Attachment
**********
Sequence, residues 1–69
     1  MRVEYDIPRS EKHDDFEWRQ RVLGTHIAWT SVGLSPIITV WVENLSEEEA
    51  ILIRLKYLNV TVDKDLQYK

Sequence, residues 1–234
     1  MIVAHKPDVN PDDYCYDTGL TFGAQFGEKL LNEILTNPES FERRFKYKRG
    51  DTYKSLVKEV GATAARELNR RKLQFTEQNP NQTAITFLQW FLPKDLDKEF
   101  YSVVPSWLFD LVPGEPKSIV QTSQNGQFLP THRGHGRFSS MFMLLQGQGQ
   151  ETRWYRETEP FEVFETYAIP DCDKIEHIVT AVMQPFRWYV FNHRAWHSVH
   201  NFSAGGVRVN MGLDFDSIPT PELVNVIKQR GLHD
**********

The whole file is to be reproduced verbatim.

Sequence, residues 1–69
     1  MRVEYDIPRS EKHDDFEWRQ RVLGTHIAWT SVGLSPIITV WVENLSEEEA
    51  ILIRLKYLNV TVDKDLQYK

Sequence, residues 1–234
     1  MIVAHKPDVN PDDYCYDTGL TFGAQFGEKL LNEILTNPES FERRFKYKRG
    51  DTYKSLVKEV GATAARELNR RKLQFTEQNP NQTAITFLQW FLPKDLDKEF
   101  YSVVPSWLFD LVPGEPKSIV QTSQNGQFLP THRGHGRFSS MFMLLQGQGQ
   151  ETRWYRETEP FEVFETYAIP DCDKIEHIVT AVMQPFRWYV FNHRAWHSVH
   201  NFSAGGVRVN MGLDFDSIPT PELVNVIKQR GLHD